Mr. Ocana won the case in conflict over 90 x 80 m and the court ordered Mr. Kweya Alfred to withdraw from that land from that time on but up to now Mr. Kweya Alfred has not withdrawn from the land and proceeded forcefully by construction a settlement home in the land that belongs to Mr. Ocama William, leaving only 80 x 60 m on the Eastern side of the land under wrangles.
On the face of it, this extrinsic evidence appears to have been sought for purposes of confirming whether or not it was still necessary to enforce the decision, considering that enforcement was being sought seven years after the judgment, rather than for filling gaps in the judgment. There is nothing to show that the information so gathered, in addition to clarifying that execution proceedings were still necessary, did more than validate, confirm or authenticate the dimensions of the land decreed to the respondent. In absence of the actual judgment of 26th May, 2005 there is no basis, apart from conjecture, upon which this court can find that the extrinsic evidence instead distorted or misrepresented the dimensions, as contended by the applicant. In absence of the actual judgment, I am unable to confirm the alleged disparity.
On the other hand, the decision sought to be revised was made on 9th May, 2012 by which the respondent was granted leave to execute the judgment of the L.II Court of Palwong Parish entered judgment in favour of the respondent on 26th May, 2005. Ascertainment of the size of land was made on 8th May, 2012 and not challenged until five years later when execution commenced on 6th May, 2017 and execution was complete by time of filing application on 7th June, 2017. Applications for revision must be brought without undue delay. The circumstances provided ample opportunity for the applicant to challenge the representation had it been inaccurate. The applicant's dilatory conduct is inconsistent with the averment of misrepresentation of the dimensions of the land decreed by the L.C.II Court.
If indeed there was any error by the Chief Magistrate in seeking extrinsic evidence to confirm the contents of the judgment he was about to enforce, and the viability of enforcement seven years after it was delivered, I find that according to section 70 of The Civil Procedure Act, no decree may be reversed or modified for error, defect or irregularity in the proceedings, not affecting of the case or the jurisdiction of the court. Before this court can set aside the judgment on that account, it must therefore be demonstrated that the irregularity occasioned a miscarriage of justice. None has been proved.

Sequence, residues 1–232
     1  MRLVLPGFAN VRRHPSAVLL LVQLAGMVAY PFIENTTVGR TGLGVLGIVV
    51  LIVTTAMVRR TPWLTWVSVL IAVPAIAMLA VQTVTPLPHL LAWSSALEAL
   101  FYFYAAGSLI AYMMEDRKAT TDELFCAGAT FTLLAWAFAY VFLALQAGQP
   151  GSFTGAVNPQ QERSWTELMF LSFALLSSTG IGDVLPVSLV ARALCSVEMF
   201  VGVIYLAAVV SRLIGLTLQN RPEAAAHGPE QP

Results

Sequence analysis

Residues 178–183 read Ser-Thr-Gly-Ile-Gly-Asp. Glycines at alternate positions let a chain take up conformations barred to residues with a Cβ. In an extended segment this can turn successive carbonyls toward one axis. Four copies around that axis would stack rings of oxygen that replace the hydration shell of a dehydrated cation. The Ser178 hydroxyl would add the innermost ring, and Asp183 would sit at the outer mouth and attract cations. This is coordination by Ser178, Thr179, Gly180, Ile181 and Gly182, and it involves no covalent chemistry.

Moreover, Courts tend to be stringent in allowing applications whose effect would be to re-open a case, which has already been completed. On the other hand, courts must administer justice and in exceptional circumstances, applications of this nature should be allowed. The appellate or other court exercising powers of revision should weigh these two interests when determining whether an application made so long after a decision should be allowed. It is trite that litigation must come to an end. In Brown v. Dean  AC 373,  2 KB 573 it was emphasised that in the interest of society as a whole, litigation must come to an end, and “When a litigant has obtained judgment in a Court of justice.........he is by law entitled not to be deprived of that judgment without very solid grounds.” The maxim interest reipublicae ut finis litium is strictly followed. Courts should not be mired by endless litigation which would occur if litigants were allowed to file all manner of application during and after trial without any restrictions. For all the foregoing reasons, I do not find any merit in the application and it is hereby dismissed with costs to the respondent.
Dated at Gulu this 25th day of October, 2018.